At any given moment, about 100,000 men are conscripts in Germany's military, serving no less than nine months each. But peacetime sensibilities and politics may turn the Bundeswehr into a fully professional force.
Basic training – a lot like camp, but with gasmasks and guns
The conscript army – a lynchpin for German understandings of social identity and responsibility in the post-War democratic era – could one day be a casualty of the country’s reunification.
Whether conscription, the draft, will survive depends heavily on an imminent ruling by the Constitutional Court and on the outcome of this year’s national election.
The high court has before it a case of potentially broad consequence, involving an German man who legally avoided service in communist East Germany, citing "conscientious objection", but who has since been conscripted against his will to serve in reunified Germany’s military or civil service. A decision is expected April 10.
Parties make it an election issue
The September 22 election, meanwhile, looks likely to make conscription a featured issue, as political parties jockey for votes from a peacetime electorate increasingly sceptical of the country’s need for robust defence. German deployments abroad are currently larger than at any time since World War II, but paradoxically the homeland itself enjoys better relations with its neighbours than ever before.
This then is not merely a matter of one man’s fate but a national debate over the future of Germany’s conscript army.
Its outcome depends on how Germans nowadays, in their modern democracy, choose to view the balance between basic individuals freedoms and basic civic responsibilities.
If a young man gets sent against his will to do military service for nine months (or the alternative civil service for ten months), have his liberties been violated? In peacetime, what is the state’s case for compelling national or social interest? What civic responsibilities can the state designate for citizens? If taxes, then why not time and labour?
These are hard questions to answer because, though it’s somewhat taboo to say, Germany has yet to carve out an enduring post-Cold War identity. "The wall in the mind" has outlasted the wall between East and West, and the high court’s upcoming ruling is a case in point: citizens from the East have different histories – different memories, philosophies and obligations – from citizens of the West.
With divisions like this, integration through shared civic responsibility is a complex task.
Forcing rapid integration may even be politically impossible, or electorally disadvantageous. Conscripts are soldiers for a while, but voters for a lifetime.
Just as European and American governments, after the Second World War, opted to renamed their Ministries of War as "Ministries of Defence" to accommodate changing public attitudes about conflict in a new political era, Germany today must reckon with changing public attitudes without simply sacrificing the service its military affords.
Armed and professional
Germany’s military, the Bundeswehr, is by and large a professional force. Soldiers sent on peacekeeping missions around the world – Afghanistan, Macedonia, Bosnia, the Horn of Africa and elsewhere – are almost without exception professional, not conscripts.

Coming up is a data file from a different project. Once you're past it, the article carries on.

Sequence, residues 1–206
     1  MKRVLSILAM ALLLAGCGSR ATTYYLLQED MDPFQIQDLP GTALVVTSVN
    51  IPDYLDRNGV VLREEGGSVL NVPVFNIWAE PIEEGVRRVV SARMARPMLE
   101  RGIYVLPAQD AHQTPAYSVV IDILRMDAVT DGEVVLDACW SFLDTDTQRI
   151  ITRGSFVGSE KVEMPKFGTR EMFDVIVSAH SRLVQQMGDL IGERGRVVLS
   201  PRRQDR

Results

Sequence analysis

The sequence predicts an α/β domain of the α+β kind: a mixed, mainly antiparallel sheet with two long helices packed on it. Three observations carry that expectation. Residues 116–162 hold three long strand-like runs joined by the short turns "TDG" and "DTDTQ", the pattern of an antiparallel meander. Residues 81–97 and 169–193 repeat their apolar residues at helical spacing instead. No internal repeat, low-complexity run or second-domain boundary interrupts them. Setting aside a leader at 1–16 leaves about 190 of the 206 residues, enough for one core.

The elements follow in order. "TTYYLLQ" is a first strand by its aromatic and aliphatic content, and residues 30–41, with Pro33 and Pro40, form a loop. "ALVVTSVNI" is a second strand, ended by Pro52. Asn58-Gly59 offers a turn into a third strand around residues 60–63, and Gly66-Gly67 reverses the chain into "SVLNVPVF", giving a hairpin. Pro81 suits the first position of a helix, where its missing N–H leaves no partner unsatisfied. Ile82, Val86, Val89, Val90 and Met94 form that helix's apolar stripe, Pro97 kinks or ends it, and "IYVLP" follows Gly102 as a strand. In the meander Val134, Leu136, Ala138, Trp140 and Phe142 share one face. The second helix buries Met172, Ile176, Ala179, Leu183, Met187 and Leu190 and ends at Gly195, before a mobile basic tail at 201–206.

The peacetime force of some 340,000 military personnel, according to the report of a commission appointed by the government in Berlin, is set to shrink gradually to 240,000. Within the force, professionals currently outnumber conscripts by almost three to one.
Yet conscription remains a key to recruitment. At a time when Germany is increasingly military engaged in the world, about 50 percent of recruits are conscripts who have decided to stay on as soldiers and officers.
It might make sense, since the service is unpopular, to shrink it. But if Germany chooses this, it sacrifices the principle of equal obligation from citizen to citizen. If all young men must serve then none can resist. If only some must, then why?
Even conservatives who favour continued conscription and a strong military, such as the daily Frankfurter Allgemeine-Zeitung, are quick to criticise inequalities in the system, as some young men find ways to slip out of the system.
"No one can say universal conscription exists in Germany anymore," declared the newspaper in a challenging April 2 piece by columnist Volker Zastrow.
In a smaller Bundeswehr, in theory, this aspect would only be magnified.
The political battlefield
Germany's Chancellor Gerhard Schroeder sits at a cafe' in front of St. Mark's Basilica, Venice, Northern Italy, Friday, April 13, 2001. Schroeder is in Venice with his family for the Easter holidays. (AP Photo/Fernando Proiettti)
As the September 22 election approaches, the parties are determining their stances on the conscription question. Revelations that the Social Democratic Party (SPD) of Chancellor Gerhard Schröder is considering a phase-out of conscription were reported this week in the Financial Times Deutschland and could shake up the political sphere.
An SPD policy change would shift the balance from right to left, vastly increasing the likelihood that conscription could be phased out in the near future.
As for now, Defence Minister Rudolph Scharping of the SPD, firmly backs conscription as a way to bolster public support and understanding of the Bundeswehr.
But the Greens, Free Democratic Party (FDP) and Party of Democratic Socialism (PDS) all back various methods of abolishing the draft.
With SPD compliance, the only powerful hold-outs would be the conservative Christian Democratic Union (CDU) and its partner the Christian Social Union (CSU), increasingly lonely in opposition despite the likelihood of a close campaign.